Donna Marsden, 35, had celebrated the second day of her new job Oct. 17 by having lunch with her husband, Bruce.

That night, he hunted for his wife, donning scrubs and going to area hospitals. Shortly after midnight, he found her in the county morgue, identifying her by the brown hair that flowed to her waist. He noticed her heirloom rings were missing, and is convinced they were stolen.

Later, he traced the van to a wrecking yard, acquired a copy of the autopsy and pestered police until he was sure they had not taken her rings.

The Marsdens had collected thousands of dollars worth of antique furniture for their 19th century house. But the antiques have been sold and the house is mostly empty now. Marsden, a former clown and musician who works for IBM is moving to the basement and will rent out the house.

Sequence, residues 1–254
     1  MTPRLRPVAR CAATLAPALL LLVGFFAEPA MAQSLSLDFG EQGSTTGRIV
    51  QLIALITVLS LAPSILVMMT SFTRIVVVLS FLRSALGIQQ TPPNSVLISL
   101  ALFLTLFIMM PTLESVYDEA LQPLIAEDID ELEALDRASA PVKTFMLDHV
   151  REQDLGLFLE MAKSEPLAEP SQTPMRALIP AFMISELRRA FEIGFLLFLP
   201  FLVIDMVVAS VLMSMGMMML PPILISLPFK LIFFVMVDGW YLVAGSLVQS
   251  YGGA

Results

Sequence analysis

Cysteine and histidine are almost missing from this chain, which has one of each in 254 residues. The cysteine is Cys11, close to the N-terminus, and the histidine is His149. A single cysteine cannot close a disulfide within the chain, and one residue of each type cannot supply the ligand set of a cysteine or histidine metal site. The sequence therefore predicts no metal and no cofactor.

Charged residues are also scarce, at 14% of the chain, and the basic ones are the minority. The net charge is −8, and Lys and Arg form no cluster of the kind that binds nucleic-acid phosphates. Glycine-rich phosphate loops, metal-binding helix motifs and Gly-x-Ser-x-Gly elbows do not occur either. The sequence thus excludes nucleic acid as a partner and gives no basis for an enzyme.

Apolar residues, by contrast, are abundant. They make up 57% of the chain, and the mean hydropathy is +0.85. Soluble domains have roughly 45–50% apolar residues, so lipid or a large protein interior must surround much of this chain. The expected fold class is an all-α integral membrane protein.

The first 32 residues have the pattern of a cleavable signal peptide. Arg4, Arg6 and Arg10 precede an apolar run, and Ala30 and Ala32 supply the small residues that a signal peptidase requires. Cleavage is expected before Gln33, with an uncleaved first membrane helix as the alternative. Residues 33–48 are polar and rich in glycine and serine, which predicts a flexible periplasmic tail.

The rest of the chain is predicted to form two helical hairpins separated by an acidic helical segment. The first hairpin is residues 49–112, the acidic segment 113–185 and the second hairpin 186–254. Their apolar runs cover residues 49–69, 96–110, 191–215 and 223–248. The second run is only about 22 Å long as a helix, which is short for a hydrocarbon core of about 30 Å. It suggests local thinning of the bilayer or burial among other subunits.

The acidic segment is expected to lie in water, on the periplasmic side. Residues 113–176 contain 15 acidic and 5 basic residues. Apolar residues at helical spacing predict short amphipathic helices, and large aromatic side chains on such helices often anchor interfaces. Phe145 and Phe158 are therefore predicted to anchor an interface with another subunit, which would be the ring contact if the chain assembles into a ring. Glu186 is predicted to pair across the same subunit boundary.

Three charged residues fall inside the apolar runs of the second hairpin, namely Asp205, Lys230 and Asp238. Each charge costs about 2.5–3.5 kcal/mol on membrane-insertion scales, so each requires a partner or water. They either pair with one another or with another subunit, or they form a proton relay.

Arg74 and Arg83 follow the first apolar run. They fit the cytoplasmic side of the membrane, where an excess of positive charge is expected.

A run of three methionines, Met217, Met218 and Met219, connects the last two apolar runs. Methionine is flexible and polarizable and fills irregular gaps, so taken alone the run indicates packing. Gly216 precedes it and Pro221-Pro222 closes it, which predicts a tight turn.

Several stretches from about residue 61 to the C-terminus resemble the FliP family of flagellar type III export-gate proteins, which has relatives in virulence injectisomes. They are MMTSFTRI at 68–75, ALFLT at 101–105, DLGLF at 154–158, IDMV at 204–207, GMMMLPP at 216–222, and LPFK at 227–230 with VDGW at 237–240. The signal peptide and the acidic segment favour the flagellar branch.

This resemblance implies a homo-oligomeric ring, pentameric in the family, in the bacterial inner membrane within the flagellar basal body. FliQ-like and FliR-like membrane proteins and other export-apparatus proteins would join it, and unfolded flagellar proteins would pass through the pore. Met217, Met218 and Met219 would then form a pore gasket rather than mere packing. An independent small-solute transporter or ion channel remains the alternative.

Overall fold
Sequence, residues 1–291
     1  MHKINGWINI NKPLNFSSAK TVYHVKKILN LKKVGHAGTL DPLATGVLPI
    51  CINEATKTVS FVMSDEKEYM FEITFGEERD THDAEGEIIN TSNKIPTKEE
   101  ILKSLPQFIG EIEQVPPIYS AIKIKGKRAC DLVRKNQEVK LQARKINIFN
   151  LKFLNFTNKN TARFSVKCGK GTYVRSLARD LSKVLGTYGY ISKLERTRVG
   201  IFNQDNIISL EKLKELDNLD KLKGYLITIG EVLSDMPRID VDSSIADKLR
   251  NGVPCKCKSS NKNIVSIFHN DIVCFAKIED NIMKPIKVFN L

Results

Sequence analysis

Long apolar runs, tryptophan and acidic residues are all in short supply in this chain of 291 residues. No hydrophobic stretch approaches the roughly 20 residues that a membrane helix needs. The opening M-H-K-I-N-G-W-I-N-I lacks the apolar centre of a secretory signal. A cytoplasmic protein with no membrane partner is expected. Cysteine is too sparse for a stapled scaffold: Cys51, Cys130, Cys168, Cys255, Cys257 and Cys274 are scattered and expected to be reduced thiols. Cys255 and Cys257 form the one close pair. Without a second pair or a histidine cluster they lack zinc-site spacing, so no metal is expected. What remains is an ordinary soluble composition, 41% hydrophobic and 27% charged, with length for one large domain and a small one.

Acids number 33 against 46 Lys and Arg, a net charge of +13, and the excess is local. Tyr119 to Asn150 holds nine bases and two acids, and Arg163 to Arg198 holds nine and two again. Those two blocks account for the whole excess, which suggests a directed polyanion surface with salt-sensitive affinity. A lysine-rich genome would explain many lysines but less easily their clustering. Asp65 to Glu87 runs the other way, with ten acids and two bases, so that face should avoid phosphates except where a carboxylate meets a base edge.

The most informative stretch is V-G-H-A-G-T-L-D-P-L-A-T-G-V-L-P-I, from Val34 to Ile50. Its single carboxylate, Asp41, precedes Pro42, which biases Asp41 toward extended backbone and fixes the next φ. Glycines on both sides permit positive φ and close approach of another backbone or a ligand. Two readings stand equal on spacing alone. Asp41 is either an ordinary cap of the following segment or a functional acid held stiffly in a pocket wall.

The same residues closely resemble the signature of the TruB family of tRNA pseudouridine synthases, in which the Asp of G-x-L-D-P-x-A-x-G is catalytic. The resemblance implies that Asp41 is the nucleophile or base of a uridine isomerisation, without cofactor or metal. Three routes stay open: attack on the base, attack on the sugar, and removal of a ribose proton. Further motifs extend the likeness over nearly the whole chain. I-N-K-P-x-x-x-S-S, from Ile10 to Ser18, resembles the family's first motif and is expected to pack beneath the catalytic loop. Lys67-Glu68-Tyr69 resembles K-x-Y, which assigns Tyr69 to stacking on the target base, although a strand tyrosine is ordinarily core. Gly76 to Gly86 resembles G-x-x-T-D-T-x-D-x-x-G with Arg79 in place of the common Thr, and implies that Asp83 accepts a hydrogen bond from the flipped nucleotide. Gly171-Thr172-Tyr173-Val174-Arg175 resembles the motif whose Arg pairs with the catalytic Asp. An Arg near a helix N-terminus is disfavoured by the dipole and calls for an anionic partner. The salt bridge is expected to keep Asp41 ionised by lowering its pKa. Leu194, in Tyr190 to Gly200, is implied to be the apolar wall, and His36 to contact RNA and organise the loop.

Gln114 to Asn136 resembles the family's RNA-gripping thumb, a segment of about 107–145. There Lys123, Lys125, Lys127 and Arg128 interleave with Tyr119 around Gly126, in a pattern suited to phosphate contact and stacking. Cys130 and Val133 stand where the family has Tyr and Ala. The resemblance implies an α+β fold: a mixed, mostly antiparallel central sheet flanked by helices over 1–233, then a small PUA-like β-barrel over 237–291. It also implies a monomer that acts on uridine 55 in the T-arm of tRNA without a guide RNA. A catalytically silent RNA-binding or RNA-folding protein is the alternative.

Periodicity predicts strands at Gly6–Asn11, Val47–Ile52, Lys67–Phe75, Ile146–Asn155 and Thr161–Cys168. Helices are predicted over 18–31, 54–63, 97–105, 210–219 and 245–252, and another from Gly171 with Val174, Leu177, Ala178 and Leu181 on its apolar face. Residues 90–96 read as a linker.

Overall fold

``I said I wasn't going to do anything drastic for a year,'' he says, leaning back on a plain couch. ``But I was sure about getting rid of the furniture. It was a constant reminder, and I didn't need that.''

He admits he has fallen into periods of drinking alone and too much, thinking twice about getting out of bed and wondering whether he should change his life.

``I have been through all the ifs and shoulds, and I find no irony in all this anymore,'' he says. ``They were right where they were supposed to be at that time. I just ask myself if there was some reason. I wish I could find it.''

Jim Sund was on a naval ship near Korea listening to the pregame broadcast when he heard the freeway had fallen. He looked at his watch, recalled the promptness of the van, and knew his wife was dead.

``By the time the chaplain told me the next day, I was already prepared,'' he said. ``That's not to say I wasn't in shock. I came back, saw those `I Survived the Earthquake' T-shirts in the PX and wanted to throw a fit.' ''